The theme for this year’s World Cancer Day is “Close The Care Gap”. The Day was first recognized in 2000. In the last twenty-two years the global incidence of cancer has increased by more than 15%, with unequal access to care being a continuing problem — compounded more recently by the COVID pandemic.
“I will not let cancer define me” is something I hear a lot, but I don’t understand it. I understand that refrain still less when I hear survivors allude to their heightened vigilance about their health. I’ve also heard of cancer survivors who prefer not to acknowledge that they ever had the disease — I don’t understand that either. But cancer is not a monolithic disease, and these divergent opinions reflect the spectrum of the cancer experience — for patients and families alike.
It was a hot Thursday afternoon in June. I was at work, and I’d just returned from lunch. I began to orient myself to where I’d left off earlier, bugging my eyes out on reams of data and poking holes at the statistical model I was trying to build. On days like this it was really easy for me to get completely absorbed in my work and lose track of time, as well as what was going on around me. So when my phone rang I was startled and had to rummage around my desk to locate it under a pile of papers. I finally found it and the number wasn’t one I recognized but I answered it to stop the persistent ring. After perfunctory greetings, the disembodied voice at the other end said, “The results of your biopsy are back. I’m sorry to tell you, you have breast cancer.” Being the overachiever I’m told I am, I had not one, but two types of breast cancer — invasive, and DCIS. Everything else the voice said just faded out.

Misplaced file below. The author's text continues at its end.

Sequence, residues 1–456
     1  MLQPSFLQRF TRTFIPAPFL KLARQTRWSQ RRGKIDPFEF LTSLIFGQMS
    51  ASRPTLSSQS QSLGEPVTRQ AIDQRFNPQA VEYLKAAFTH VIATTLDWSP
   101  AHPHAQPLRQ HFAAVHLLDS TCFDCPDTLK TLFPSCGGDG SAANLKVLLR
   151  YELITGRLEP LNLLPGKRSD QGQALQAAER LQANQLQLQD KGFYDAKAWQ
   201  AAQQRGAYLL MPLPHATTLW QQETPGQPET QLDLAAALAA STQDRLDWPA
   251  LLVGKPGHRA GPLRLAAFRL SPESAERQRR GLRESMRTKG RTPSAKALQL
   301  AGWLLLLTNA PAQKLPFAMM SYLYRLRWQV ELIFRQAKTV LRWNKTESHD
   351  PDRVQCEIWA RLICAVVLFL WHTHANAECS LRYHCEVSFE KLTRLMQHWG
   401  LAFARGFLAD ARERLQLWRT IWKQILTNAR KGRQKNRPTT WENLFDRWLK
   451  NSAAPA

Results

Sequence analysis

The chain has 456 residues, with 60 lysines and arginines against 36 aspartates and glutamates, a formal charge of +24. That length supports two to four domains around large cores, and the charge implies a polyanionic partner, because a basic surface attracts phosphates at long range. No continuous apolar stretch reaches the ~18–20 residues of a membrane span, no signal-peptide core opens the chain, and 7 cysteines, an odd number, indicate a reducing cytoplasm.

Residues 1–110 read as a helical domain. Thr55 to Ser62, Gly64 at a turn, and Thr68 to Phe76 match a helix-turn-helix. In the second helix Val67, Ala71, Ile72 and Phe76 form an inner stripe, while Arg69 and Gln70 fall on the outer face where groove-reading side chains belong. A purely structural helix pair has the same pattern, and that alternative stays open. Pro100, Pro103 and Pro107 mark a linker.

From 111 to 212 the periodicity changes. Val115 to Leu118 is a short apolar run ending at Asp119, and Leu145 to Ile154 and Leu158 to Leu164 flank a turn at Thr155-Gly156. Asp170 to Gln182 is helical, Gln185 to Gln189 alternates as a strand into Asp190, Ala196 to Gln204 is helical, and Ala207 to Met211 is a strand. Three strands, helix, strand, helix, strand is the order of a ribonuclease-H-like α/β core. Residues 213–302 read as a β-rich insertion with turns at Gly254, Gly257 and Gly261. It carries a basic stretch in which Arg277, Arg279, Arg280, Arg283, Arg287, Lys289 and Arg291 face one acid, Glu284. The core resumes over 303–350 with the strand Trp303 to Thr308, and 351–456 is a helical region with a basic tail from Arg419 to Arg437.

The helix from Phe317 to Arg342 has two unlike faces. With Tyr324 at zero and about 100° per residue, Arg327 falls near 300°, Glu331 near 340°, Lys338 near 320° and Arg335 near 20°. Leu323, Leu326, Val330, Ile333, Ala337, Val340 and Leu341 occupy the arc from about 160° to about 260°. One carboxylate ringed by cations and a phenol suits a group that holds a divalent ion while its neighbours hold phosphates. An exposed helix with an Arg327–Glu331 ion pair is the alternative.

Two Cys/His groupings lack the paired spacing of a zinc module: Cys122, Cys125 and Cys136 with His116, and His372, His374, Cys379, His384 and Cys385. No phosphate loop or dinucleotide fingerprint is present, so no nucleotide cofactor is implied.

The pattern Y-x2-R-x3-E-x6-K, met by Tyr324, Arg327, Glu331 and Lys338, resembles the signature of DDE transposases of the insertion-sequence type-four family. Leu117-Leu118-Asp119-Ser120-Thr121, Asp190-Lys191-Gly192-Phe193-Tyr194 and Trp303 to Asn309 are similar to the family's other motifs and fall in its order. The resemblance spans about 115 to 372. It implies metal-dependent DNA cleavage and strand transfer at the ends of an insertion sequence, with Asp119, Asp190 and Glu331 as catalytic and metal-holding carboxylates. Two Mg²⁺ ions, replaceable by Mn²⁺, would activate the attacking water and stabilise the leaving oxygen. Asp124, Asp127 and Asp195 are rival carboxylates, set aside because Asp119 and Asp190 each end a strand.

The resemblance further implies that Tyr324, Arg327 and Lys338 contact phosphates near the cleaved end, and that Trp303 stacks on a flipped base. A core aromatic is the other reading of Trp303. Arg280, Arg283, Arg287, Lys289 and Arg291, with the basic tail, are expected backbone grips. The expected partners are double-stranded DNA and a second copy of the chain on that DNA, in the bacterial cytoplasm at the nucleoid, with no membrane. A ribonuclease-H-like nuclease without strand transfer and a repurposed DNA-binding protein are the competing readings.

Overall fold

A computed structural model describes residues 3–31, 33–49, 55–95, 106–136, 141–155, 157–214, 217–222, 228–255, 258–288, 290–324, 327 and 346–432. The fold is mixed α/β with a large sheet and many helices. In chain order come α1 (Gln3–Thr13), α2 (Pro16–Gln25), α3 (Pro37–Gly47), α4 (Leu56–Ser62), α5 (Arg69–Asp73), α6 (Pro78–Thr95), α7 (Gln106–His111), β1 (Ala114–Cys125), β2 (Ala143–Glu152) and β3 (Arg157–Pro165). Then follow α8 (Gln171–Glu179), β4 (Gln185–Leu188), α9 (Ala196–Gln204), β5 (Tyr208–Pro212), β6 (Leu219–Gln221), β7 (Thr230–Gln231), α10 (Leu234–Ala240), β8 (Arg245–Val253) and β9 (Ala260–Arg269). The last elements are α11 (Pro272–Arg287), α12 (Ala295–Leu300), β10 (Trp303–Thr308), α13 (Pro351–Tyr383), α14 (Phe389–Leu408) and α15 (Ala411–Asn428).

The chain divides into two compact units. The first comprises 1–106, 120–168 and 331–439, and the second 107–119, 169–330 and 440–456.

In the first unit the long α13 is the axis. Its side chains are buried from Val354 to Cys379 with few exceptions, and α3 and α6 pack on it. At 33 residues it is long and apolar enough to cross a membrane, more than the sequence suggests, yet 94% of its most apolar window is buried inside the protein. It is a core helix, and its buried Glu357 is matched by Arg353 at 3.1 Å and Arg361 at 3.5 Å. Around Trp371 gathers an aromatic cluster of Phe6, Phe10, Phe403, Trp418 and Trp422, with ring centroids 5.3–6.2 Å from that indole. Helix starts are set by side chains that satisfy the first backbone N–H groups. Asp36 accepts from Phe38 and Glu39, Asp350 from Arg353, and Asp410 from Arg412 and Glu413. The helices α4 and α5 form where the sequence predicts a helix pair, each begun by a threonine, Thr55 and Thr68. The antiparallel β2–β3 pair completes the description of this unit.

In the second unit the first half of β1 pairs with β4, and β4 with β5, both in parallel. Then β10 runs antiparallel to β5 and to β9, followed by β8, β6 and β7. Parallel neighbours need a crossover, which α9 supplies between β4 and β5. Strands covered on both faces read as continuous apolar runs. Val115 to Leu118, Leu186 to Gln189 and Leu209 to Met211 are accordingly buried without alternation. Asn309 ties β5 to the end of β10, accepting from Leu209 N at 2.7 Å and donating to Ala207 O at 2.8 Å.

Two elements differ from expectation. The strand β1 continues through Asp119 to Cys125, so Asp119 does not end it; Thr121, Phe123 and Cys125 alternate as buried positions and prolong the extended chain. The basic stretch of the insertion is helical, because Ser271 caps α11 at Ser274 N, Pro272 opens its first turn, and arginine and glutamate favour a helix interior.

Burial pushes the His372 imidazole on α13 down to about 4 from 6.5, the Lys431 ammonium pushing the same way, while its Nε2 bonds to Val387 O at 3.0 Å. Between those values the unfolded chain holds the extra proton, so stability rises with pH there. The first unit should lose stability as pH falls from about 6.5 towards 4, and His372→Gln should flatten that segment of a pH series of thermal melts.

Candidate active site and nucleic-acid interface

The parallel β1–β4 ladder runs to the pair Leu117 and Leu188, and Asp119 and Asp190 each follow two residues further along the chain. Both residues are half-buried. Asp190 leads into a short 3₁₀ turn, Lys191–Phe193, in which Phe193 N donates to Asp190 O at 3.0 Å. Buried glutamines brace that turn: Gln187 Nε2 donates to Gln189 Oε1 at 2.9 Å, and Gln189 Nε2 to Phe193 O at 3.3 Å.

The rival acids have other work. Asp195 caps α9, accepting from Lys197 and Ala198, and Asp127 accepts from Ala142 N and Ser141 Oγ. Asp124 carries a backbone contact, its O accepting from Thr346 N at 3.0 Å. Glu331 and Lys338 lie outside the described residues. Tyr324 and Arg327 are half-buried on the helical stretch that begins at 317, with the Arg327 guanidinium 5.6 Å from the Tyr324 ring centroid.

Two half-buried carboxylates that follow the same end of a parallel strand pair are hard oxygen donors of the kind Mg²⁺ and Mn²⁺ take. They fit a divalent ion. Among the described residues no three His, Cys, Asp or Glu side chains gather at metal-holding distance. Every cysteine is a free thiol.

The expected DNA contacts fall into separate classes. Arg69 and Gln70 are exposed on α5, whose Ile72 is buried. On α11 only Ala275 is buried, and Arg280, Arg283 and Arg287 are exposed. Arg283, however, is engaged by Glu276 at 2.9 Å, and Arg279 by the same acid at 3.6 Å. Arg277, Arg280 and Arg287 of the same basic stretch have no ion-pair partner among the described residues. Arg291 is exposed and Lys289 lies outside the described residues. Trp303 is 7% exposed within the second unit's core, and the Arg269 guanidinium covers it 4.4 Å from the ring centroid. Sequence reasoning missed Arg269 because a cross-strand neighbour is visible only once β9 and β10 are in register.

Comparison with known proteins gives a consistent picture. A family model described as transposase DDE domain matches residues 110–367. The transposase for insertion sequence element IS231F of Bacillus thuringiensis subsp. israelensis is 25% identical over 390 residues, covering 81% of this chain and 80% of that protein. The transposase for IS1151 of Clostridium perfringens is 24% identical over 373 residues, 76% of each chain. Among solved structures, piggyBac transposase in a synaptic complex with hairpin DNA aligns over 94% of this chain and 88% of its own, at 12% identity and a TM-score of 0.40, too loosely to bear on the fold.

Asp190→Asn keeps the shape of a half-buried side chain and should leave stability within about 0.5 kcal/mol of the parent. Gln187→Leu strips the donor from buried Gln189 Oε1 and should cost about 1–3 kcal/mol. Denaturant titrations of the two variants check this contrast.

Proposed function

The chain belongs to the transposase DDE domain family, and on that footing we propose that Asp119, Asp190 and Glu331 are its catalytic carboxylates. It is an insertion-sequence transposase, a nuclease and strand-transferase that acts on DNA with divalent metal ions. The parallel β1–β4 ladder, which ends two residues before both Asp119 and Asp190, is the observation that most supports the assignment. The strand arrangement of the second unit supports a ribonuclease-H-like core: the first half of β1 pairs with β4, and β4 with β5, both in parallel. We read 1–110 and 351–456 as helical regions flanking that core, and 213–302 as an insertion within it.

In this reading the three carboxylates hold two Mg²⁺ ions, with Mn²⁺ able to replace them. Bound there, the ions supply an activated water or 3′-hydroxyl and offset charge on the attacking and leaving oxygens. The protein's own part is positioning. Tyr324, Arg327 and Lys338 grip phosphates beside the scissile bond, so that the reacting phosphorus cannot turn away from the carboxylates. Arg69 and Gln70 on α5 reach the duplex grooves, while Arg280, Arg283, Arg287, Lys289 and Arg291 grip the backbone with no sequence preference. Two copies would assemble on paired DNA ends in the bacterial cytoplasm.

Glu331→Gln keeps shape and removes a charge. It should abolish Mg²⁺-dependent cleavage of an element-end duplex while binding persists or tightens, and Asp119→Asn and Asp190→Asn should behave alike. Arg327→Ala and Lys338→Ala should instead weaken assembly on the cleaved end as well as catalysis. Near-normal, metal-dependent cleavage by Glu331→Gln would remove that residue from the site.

Cancer is a crushing diagnosis to receive, and I think everyone deals with it differently. Once I was done speaking to the disembodied voice, everything after was a blur — things oscillated from moving very fast, to moving as if I was walking through very thick treacle. I wasn’t sure what I should do because I sat in an open cubicle with no privacy at all, and to process this crushing diagnosis I needed to be unconstrained by my surroundings — I had to get home.
Slowly, as I began to replay that phone conversation in the privacy of my own home, the weight of what I’d heard became unbearable even as I shared it with my family. The…